The waiting list for public housing in New Zealand has hit an all-time high of more than 12,000 people. That is despite the Government far surpassing its targets for public housing.
Newly-appointed Housing Minister Megan Woods said today that 2178 public housing places had been delivered in the last year by Housing New Zealand and community housing providers. That exceeded a target of 1600 for the year.
It was the biggest annual increase to public housing in nearly 20 years, Woods said.
"On average Housing New Zealand is building four new homes a day," she said.
"As well as this, Housing New Zealand currently has about 2000 homes under construction or under contract."
The fine print shows that not all the public housing places are new builds.
A unspecified portion of the total includes properties redirected from council housing or the private rental market - which advocates say is still positive but does not reduce the waiting list for public housing, It also cuts the number of affordable houses available.
Despite the big lift in public housing supply, the number of individuals or households urgently seeking a home has passed 12,000 for the first time, rising by 656 applicants in the last three months. The typical wait for a house is around 120 days.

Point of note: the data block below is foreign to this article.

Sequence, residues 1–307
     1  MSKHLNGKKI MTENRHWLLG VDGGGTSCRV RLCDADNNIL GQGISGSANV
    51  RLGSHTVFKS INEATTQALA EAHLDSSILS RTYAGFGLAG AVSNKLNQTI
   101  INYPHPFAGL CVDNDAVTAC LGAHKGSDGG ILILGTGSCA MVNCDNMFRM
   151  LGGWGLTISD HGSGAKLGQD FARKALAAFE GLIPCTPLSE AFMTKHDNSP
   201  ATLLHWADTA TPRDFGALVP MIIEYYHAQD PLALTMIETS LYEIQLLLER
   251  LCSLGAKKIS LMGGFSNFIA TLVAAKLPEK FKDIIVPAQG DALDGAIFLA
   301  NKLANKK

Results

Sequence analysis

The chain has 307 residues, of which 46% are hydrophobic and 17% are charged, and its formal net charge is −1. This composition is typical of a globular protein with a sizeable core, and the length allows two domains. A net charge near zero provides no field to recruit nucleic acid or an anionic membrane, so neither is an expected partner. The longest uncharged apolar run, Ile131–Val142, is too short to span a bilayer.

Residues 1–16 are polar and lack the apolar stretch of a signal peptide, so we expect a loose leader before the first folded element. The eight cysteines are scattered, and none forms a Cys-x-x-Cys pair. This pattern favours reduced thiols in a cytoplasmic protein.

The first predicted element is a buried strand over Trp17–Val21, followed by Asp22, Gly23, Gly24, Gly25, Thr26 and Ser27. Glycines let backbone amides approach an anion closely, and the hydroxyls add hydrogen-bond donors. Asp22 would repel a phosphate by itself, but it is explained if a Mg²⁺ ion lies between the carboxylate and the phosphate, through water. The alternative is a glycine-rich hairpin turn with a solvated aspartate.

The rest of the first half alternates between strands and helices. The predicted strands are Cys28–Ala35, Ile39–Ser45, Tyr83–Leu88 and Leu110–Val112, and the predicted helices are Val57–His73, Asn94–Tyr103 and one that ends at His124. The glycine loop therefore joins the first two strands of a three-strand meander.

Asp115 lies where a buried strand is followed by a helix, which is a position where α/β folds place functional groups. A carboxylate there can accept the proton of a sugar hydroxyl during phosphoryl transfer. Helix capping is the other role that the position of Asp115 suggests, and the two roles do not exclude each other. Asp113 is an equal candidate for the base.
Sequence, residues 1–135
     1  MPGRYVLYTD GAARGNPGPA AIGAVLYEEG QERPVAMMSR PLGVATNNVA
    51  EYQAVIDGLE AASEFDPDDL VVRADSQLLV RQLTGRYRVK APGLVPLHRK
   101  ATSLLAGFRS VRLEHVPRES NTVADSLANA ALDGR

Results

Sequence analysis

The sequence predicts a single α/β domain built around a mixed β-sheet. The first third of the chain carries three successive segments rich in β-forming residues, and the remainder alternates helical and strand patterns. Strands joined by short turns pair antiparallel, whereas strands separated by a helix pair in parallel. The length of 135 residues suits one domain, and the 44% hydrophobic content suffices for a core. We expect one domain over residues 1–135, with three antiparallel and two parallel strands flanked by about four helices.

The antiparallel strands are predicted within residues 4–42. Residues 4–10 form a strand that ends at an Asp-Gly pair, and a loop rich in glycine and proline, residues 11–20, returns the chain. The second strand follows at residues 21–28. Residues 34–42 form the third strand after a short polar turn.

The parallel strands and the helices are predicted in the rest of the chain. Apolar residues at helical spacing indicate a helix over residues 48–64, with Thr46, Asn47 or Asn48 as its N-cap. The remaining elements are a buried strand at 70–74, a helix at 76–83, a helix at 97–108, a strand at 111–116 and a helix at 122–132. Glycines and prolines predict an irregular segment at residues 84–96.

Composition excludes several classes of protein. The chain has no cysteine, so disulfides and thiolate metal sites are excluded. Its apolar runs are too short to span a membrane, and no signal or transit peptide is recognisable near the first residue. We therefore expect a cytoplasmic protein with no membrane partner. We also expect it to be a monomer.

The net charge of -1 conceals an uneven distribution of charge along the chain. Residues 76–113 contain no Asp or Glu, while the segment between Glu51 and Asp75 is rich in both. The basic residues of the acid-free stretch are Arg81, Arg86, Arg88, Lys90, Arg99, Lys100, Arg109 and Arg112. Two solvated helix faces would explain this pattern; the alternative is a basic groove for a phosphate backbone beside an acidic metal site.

"The Government recognises that the demand for housing continues to rise, driven in part by a shortage of supply, inadequate housing, homelessness, and insecurity of tenure," Woods said.
"We will continue to build more public houses and make sure people move into them, and off the Public Housing Register as quickly possible."
The shortage of affordable and public housing means more people are being housed in motels as a temporary measure.
The number of emergency housing grants - most of which pay for people to stay in motels for up to three months - fell slightly in the last quarter. But they have doubled over the last year.
In Queen Street alone, 1021 grants were issued in the three months to June 2019 - twice as many as two years ago.
National Party MP for Auckland Central Nikki Kaye said she was shocked to see the number of grants double in that time.
"We need more social housing in central Auckland," she said. "I am worried about what looks like a huge jump of people in motels which is particularly challenging when people have young children."